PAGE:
"Think about the system as a virtual analyst," says Kaylan Veermachaneni, co-creator of MIT's latest artificial intelligence. He's a research scientist at the university's Computer Science and Artificial Intelligence lab that, along with Ignacio Arnaldo, built an AI that acts as a lookout for the age of cyber warfare. AI2 (Short for Artificial Intelligence Squared) is a system designed to spot a hacking attack better than humans and existing software. They claim that the program can detect 85 percent of malicious attacks, although that figure is set to rise the more it learns. We can already imagine Sony's IT gurus beating a path to Massachusetts with a suitcase stuffed full of unmarked bills.
Existing threat-detection systems broadly fall into two categories: a software bot that can detect patterns and human analysis. AI2's gimmick is that it mashes together a handful of different machine learning tools and asks its flesh-and-blood counterparts for help. When it thinks it's found a pattern amongst the noise of data, it offers it up to a person for a second opinion. After a short period of time, AI2 will learn from its errors and what the human experts are telling it. As Arnaldo says, "it continuously generates new models that it can refine in as little as two hours."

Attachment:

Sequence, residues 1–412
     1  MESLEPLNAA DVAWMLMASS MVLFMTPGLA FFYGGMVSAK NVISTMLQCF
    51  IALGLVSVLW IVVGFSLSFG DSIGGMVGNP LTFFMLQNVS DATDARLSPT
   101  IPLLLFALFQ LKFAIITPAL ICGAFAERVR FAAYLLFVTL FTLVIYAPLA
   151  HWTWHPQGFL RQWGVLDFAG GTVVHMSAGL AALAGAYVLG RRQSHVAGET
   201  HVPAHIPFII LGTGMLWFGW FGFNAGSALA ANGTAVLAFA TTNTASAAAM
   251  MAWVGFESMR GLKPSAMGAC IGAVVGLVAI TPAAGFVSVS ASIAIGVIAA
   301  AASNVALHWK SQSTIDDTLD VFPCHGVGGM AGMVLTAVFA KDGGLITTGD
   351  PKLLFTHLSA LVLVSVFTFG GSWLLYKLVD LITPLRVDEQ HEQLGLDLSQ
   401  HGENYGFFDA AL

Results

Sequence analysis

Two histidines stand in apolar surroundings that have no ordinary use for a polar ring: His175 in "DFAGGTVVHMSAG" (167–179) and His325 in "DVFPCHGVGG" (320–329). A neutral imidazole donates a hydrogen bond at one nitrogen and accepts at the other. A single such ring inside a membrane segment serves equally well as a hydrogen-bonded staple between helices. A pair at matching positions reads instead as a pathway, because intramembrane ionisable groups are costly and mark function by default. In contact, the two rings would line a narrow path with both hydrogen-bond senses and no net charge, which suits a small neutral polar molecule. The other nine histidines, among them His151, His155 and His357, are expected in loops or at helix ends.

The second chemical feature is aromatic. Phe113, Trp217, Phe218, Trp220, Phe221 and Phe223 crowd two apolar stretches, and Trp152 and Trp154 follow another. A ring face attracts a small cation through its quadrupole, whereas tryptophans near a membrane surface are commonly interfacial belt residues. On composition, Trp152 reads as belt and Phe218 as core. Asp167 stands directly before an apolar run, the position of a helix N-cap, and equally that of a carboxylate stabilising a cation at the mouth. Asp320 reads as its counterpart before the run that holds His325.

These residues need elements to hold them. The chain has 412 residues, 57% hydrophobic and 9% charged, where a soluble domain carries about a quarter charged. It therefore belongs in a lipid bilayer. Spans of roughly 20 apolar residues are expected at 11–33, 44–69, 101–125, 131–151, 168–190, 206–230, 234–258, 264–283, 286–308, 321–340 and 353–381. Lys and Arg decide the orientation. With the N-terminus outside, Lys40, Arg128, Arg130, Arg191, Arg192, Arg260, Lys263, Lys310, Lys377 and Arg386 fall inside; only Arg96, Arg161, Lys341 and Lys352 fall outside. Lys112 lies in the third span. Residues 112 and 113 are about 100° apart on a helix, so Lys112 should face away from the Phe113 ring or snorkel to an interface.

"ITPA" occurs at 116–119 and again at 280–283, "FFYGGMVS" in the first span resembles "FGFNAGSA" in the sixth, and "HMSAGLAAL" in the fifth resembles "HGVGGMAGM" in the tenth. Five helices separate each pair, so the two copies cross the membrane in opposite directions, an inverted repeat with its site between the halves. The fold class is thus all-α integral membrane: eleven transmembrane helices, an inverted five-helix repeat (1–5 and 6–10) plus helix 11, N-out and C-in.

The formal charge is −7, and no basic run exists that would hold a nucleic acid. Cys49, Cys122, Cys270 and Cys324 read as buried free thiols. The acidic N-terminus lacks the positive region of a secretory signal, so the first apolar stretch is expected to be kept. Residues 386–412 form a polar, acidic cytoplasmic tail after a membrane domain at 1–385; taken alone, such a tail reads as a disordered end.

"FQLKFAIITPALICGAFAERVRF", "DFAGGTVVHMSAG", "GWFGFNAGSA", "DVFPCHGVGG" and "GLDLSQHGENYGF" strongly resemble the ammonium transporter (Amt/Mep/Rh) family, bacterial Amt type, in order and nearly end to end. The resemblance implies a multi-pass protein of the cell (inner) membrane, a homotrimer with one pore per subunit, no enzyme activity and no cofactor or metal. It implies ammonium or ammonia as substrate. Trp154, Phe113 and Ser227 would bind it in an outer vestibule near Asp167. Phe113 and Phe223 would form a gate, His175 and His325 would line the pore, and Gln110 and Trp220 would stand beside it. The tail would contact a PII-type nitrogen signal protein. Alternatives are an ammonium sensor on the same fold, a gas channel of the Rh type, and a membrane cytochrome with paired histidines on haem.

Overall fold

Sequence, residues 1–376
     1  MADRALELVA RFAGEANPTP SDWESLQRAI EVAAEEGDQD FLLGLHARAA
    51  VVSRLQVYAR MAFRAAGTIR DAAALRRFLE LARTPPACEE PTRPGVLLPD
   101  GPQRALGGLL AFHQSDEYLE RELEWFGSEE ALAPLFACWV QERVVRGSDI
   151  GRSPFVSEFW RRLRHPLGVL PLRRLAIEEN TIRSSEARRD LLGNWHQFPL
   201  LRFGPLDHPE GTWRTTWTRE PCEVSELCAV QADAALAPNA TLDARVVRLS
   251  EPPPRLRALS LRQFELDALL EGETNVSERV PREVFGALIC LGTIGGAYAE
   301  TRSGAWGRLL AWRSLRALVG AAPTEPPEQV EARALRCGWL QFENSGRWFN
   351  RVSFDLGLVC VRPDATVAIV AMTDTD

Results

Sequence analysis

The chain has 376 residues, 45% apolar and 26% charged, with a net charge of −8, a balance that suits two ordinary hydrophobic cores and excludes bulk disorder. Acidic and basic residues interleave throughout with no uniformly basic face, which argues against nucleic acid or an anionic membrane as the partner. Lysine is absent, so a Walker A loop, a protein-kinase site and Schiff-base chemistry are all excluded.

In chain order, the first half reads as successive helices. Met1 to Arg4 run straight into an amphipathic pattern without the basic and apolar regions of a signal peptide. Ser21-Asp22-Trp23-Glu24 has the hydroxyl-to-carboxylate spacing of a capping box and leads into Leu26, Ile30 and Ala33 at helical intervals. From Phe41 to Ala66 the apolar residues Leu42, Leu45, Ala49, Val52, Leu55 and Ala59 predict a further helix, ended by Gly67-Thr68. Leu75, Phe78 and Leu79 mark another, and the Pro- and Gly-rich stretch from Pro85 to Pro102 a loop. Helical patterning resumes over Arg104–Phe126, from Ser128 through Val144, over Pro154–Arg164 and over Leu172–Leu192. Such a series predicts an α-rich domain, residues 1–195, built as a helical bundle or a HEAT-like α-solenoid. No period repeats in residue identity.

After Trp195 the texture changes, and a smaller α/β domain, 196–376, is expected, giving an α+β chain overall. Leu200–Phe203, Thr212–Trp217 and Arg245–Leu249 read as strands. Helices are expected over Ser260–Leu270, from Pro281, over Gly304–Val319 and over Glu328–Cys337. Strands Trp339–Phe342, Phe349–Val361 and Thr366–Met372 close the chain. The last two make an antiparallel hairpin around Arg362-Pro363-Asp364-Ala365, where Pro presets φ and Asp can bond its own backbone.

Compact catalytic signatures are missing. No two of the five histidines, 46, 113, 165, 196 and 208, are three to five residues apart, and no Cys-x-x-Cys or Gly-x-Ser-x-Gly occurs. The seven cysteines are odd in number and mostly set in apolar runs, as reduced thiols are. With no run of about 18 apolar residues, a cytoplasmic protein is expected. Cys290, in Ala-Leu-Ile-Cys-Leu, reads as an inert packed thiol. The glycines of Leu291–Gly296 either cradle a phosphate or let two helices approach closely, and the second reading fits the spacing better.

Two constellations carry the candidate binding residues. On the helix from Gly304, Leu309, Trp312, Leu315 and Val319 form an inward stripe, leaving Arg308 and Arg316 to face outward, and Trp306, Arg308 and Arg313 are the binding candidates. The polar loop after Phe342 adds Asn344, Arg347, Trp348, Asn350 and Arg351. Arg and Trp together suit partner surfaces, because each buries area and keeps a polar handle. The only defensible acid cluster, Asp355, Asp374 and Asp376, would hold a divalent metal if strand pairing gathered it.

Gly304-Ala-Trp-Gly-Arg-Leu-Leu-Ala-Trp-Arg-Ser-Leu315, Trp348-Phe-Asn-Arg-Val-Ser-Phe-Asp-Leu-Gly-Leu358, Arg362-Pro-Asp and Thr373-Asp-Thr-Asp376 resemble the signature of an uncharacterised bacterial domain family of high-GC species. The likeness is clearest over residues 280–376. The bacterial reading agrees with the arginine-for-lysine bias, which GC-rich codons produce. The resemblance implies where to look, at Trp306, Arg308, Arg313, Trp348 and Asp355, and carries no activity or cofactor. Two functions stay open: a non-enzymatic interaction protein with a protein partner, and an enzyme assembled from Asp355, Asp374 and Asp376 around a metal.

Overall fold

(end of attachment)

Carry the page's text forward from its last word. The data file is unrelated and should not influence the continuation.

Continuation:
On its first day of operation, AI2 flagged 200 events that it determined to be a cyberattack to its masters. After a handful of days picking up the dos and don'ts from operators, that figure had dropped to just 40. That frees up fleshy operators to concentrate on the rest of their job and giving each flagged incident more of their attention. According to Nitesh Chawla, professor of computer science at Notre Dame University, AI2 "has the potential to become a line of defense against attacks such as fraud, service abuse and account takeover." Maybe Mossack Fonseca will be second on the list of clients racing to MIT's door.